April 22, 2018

San Diego a cautionary tale for high-stakes/low-return plungers

Arrogate (c) Benoit Photo

Arrogate appeared unbeatable entering Saturday’s San Diego H. (G2) but similar to the tortoise beating the hare, the fastest runner didn’t win. The unexpected happens in sports, favorites can have an off day, and the 2017 San Diego is now etched in the history books as one of horse racing’s greatest upsets.

“They all get beat” is a common sentiment following surprising losses and for decades, Secretariat has served as Exhibit A. Arguably the best racehorse of modern times, Big Red won back-to-back Horse of the Year titles without compiling a perfect season, performing below par in a trio of surprising setbacks during his 1973 Triple Crown-winning campaign.

That’s no consolation to the bettors who wagered more than $1.3 million to show on Arrogate. What looked like easy money disappeared into a state of disbelief when the gray horse came up empty on the far turn at Del Mar and was protected by Mike Smith in the latter stages, winding up 19 ¾ lengths behind the victorious Accelerate in fourth.

Winning didn’t matter to show bettors and Smith has been criticized for not riding all-out in the stretch, as if the Hall of Fame rider was going to risk his Arrogate’s health for the sake of a meaningless third-place finish.  I don’t think Arrogate would’ve been third regardless but that’s not the point. Smith knew something was amiss aboard the world’s top-rated horse and his job is to protect the horse. He didn’t break any rules doing exactly what is expected in a troubling situation.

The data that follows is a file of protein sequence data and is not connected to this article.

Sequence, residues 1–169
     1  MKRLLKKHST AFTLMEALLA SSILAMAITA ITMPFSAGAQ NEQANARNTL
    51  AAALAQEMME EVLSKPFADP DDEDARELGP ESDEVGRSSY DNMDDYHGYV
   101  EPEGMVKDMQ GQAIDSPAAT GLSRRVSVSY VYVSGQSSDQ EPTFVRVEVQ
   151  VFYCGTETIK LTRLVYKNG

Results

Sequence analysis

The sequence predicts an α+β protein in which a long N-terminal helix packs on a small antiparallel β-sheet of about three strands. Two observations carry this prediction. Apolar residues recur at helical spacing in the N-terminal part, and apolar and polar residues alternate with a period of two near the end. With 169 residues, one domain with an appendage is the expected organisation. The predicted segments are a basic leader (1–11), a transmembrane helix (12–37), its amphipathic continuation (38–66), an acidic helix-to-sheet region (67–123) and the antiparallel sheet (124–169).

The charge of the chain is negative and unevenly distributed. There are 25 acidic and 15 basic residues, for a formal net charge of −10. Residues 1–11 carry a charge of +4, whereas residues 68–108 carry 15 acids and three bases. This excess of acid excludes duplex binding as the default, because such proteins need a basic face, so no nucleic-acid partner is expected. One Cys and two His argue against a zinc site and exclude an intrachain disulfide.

The San Diego became another example of the risk associated with investing substantial stakes for a minimal return.

Arrogate had reeled off seven straight wins, registering enormous BRIS Speed numbers of 124-115-115 for consecutive tallies in the Travers (G1), Breeders’ Cup Classic (G1) and Pegasus World Cup (G1), and the Bob Baffert-trained colt was exiting a scintillating last-to-first victory in the Dubai World Cup (G1) overseas.

As a result of the successes, his support was overwhelming: Arrogate took 80% of the action in the win pool and 94% of both place and show pools in the San Diego. The 1-20 favorite would’ve paid $2.10 for win, place and show wagers. Some big bettors are willing to purse the lowest possible rate of return in the show pool – 5 cents on the dollar – and are known as “bridge jumpers” because of the possible negative ramifications.

Now, bridge jumpers will tell you it’s a matter of picking your spots. Would you have wagered $100,000 to win $5,000 on the prospect of Jordan Spieth finishing in the top 10 entering Sunday’s final round of the British Open? Or the same proposition on Songbird finishing at least third against four undistinguished rivals in the recent Delaware H. (G1)?

The appeal of a sure-thing can be alluring but the risk is too great over the long-term. Even at 1-10 odds, a bettor might be able to string together seven consecutive winning $100,000 wagers but if one suddenly misses, you’re down $30,000. Nobody could envision Arrogate finishing off the board last Saturday.

It was stunning to see him come up so empty, but Arrogate emerged unscathed and is eligible to rebound next time.

2 Comments on San Diego a cautionary tale for high-stakes/low-return plungers

  1. I was at the track, Arogate looked like a sleek panther the day they had him out walking the paddock. But on race day he seemed distracted, like he already had vanquished the very mortal foes in the race.
    I bet $500 to place and show on Arrogate, who looked sharp, and cashed bigtime. It was, I thought almost a zero risk play, compared to the bridge jumpers Million across for .05 payback. I am still laughing at the chalk eaters , and will always get a chuckle from this. Arrogate will dominate the Breeders Cup, of that I am sure. But not at 1/20!

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